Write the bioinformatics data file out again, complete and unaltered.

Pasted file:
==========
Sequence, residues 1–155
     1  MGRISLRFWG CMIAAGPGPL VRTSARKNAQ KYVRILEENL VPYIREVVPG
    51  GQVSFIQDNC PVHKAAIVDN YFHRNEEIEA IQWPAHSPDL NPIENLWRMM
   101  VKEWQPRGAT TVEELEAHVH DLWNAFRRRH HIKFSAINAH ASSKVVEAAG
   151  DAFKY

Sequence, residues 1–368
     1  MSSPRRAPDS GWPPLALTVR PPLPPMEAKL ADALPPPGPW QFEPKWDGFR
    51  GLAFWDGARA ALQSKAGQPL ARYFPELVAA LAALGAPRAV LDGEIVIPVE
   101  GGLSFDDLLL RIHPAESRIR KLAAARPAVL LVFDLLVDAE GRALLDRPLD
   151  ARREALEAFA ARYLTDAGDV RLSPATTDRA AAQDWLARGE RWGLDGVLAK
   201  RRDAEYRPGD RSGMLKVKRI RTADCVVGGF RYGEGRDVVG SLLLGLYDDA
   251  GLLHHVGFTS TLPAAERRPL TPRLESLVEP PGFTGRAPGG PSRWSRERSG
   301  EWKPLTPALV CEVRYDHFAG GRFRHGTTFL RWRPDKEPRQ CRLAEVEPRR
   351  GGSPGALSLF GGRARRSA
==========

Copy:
Sequence, residues 1–155
     1  MGRISLRFWG CMIAAGPGPL VRTSARKNAQ KYVRILEENL VPYIREVVPG
    51  GQVSFIQDNC PVHKAAIVDN YFHRNEEIEA IQWPAHSPDL NPIENLWRMM
   101  VKEWQPRGAT TVEELEAHVH DLWNAFRRRH HIKFSAINAH ASSKVVEAAG
   151  DAFKY

Sequence, residues 1–368
     1  MSSPRRAPDS GWPPLALTVR PPLPPMEAKL ADALPPPGPW QFEPKWDGFR
    51  GLAFWDGARA ALQSKAGQPL ARYFPELVAA LAALGAPRAV LDGEIVIPVE
   101  GGLSFDDLLL RIHPAESRIR KLAAARPAVL LVFDLLVDAE GRALLDRPLD
   151  ARREALEAFA ARYLTDAGDV RLSPATTDRA AAQDWLARGE RWGLDGVLAK
   201  RRDAEYRPGD RSGMLKVKRI RTADCVVGGF RYGEGRDVVG SLLLGLYDDA
   251  GLLHHVGFTS TLPAAERRPL TPRLESLVEP PGFTGRAPGG PSRWSRERSG
   301  EWKPLTPALV CEVRYDHFAG GRFRHGTTFL RWRPDKEPRQ CRLAEVEPRR
   351  GGSPGALSLF GGRARRSA